Pneumonia is a lung infection. It’s not contagious, but it’s often caused by upper respiratory tract infections in the nose and throat, which may be contagious.
Pneumonia can happen to anyone, at any age. Babies under age 2 and adults over age 65 are at higher risk. Other risk factors include:
- living in a hospice or institutionalized setting
- using a ventilator
- frequent hospitalizations
- a weakened immune system
- a progressive lung disease, such as COPD
- heart disease
- smoking cigarettes
People at risk for aspiration pneumonia include those who:
- overuse alcohol or recreational drugs
- have medical issues affecting their gag reflexes, such as a brain injury or trouble swallowing
- are recovering from surgical procedures that required anesthesia
- Aspiration pneumonia is a specific type of lung infection that is caused by accidentally inhaling saliva, food, fluid, or vomit into your lungs. It’s not contagious.
Tips to prevent Pneumonia
Children younger than 5 and adults 65 and older should get vaccinated against pneumococcal pneumonia, a common form of bacterial pneumonia. The pneumococcal vaccine is also recommended for all children and adults who are at increased risk of pneumococcal disease due to other health conditions. There are two types of pneumococcal vaccine. Talk to your healthcare provider to find out if one of them is right for you.
There are several other vaccines that can prevent infections by bacteria and viruses that may lead to pneumonia, including pertussis (whooping cough), chickenpox, and measles. Please talk to your doctor about whether you and your children are up to date on your vaccines and to determine if any of these vaccines are appropriate for you.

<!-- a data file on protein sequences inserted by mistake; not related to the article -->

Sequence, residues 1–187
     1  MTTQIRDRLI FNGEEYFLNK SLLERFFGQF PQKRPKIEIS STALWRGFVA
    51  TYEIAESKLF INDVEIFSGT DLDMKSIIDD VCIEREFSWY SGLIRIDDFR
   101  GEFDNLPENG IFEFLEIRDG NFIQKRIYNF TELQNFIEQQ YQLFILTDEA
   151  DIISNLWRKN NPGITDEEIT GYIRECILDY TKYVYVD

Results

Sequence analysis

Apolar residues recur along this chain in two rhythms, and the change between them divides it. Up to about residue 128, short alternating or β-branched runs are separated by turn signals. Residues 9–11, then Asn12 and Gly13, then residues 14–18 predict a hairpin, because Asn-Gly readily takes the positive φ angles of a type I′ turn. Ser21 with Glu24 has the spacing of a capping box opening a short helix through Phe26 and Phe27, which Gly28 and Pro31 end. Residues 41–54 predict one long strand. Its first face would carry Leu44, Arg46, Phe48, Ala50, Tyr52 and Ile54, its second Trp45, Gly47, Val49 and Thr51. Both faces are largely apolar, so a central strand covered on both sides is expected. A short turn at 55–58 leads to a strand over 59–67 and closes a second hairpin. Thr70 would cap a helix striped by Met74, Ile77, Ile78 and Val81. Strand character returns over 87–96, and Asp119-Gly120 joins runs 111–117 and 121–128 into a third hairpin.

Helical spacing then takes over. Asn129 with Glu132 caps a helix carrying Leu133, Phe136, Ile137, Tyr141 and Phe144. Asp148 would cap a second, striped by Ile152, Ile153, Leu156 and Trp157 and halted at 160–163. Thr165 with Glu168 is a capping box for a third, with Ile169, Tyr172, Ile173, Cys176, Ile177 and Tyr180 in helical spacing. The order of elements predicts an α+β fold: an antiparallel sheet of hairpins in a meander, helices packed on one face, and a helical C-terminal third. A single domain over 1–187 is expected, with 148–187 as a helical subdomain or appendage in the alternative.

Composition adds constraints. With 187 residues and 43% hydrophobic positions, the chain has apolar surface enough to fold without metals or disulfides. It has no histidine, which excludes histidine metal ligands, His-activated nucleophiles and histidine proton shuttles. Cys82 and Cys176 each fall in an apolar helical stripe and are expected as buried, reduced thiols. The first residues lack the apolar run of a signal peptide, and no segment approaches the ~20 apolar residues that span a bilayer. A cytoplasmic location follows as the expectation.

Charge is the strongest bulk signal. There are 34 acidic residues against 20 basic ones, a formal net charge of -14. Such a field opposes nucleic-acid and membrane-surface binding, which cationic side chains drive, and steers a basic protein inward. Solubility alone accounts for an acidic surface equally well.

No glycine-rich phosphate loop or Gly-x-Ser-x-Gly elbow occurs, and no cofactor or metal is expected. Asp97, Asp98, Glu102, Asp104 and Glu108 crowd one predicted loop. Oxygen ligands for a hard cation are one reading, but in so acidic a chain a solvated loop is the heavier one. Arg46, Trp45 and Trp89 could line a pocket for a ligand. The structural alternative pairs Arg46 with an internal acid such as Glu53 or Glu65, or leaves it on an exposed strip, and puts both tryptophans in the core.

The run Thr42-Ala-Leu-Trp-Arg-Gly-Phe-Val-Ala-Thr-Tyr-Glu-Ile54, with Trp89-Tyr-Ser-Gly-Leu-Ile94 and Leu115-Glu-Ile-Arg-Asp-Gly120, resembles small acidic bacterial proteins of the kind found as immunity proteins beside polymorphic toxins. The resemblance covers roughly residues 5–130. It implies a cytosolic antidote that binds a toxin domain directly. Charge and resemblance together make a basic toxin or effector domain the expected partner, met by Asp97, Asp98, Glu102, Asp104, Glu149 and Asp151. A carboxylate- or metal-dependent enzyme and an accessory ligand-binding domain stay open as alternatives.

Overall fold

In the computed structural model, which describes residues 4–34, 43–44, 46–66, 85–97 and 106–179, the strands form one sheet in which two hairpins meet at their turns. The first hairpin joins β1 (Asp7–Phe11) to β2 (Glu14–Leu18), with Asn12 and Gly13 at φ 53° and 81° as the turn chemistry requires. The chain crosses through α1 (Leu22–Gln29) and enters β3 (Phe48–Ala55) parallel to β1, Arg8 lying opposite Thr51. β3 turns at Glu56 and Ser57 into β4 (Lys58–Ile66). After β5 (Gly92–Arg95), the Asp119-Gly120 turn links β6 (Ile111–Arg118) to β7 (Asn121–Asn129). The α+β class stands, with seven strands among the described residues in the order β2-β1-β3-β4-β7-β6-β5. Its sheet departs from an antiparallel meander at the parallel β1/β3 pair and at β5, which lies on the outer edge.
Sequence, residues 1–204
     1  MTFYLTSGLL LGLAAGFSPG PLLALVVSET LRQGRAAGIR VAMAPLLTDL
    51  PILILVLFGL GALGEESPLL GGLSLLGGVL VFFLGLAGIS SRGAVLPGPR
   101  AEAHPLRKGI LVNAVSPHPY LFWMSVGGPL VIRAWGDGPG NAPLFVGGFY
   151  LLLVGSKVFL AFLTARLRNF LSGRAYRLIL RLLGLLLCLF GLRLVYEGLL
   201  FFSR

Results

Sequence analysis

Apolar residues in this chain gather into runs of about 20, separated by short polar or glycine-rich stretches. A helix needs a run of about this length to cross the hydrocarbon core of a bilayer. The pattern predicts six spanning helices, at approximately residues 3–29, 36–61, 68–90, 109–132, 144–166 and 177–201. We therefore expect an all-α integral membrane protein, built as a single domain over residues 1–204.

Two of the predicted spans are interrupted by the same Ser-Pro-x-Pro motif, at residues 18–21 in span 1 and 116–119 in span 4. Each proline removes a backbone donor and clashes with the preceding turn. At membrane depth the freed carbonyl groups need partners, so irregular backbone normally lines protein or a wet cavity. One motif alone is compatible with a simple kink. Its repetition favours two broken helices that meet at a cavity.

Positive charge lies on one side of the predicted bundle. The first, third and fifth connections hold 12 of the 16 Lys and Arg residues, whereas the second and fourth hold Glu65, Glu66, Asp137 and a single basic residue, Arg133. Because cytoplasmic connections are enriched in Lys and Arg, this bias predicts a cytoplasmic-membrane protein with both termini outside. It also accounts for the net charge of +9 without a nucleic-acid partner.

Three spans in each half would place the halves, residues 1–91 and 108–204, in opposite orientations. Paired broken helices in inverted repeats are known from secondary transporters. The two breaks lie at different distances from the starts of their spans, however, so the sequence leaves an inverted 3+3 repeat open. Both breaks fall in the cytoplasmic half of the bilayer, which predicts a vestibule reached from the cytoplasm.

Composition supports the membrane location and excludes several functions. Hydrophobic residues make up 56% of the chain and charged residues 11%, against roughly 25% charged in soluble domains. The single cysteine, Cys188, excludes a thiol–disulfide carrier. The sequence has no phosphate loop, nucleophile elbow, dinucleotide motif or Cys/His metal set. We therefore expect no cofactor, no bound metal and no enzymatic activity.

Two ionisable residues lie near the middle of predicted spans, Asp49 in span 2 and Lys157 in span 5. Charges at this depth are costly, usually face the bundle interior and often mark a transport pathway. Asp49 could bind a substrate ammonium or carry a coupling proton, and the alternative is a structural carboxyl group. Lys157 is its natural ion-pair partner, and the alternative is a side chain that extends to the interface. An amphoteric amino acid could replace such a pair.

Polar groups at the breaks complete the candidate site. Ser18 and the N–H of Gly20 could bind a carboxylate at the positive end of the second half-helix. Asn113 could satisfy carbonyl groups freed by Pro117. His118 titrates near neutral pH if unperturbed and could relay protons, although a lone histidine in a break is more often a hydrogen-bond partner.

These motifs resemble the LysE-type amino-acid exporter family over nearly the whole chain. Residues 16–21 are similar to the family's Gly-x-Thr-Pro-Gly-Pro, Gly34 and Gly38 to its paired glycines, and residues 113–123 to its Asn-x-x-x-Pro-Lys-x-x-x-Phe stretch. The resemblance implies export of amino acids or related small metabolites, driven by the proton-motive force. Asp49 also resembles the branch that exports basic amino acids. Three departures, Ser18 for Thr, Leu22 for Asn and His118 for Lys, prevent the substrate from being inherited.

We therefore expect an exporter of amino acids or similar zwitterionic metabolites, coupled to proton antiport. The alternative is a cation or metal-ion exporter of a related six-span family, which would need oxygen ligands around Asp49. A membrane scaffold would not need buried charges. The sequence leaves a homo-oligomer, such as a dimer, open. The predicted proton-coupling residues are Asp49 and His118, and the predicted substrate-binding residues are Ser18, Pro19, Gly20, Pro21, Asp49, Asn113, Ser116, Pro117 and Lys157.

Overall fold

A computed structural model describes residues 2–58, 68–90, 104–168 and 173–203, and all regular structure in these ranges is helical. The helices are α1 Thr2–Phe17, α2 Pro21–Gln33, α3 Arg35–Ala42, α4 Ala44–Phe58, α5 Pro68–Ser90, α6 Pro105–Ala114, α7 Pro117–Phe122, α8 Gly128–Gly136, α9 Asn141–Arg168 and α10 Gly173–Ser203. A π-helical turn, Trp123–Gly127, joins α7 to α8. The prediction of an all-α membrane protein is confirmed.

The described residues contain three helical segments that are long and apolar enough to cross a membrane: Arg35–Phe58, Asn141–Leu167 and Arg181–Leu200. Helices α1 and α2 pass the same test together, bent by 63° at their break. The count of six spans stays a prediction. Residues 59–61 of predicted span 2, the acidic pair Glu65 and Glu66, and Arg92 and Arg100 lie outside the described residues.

Wash Your Hands
One of the best ways to keep yourself healthy and avoid getting sick is to wash your hands regularly. Use warm water and soap, and get a good lather going for at least 20 seconds. Rinse thoroughly and dry with a clean towel, or allow your hands to air dry. In addition, avoid touching your face and eyes
Smoking hurts your lungs and makes it harder for them to fight off infections like pneumonia. Smokers are also at greater risk of life-threatening pneumonia and the other illnesses that can come from it.
Quitting smoking will help your lungs become stronger and better able to fight infection. That’ll make it less likely that you’ll get pneumonia. If you do, it’ll be more likely that you can fight it.
If you smoke, in addition to the flu vaccine, talk with your doctor about the pneumococcal vaccine.
Don’t Drink, or Drink Less
When you abuse alcohol, your body is not as able to fight infection and stay healthy. Heavy drinkers are at greater risk for getting pneumonia and its complications. Experts recommend that women drink no more than one alcoholic beverage a day. Men should drink no more than two.
Take Care of Yourself
One of your best defenses against infection is a strong immune system. You can help yours if you:
- Get regular exercise.
- Follow a diet full of fruits and vegetables.
- Get enough sleep.
- Ease stress.
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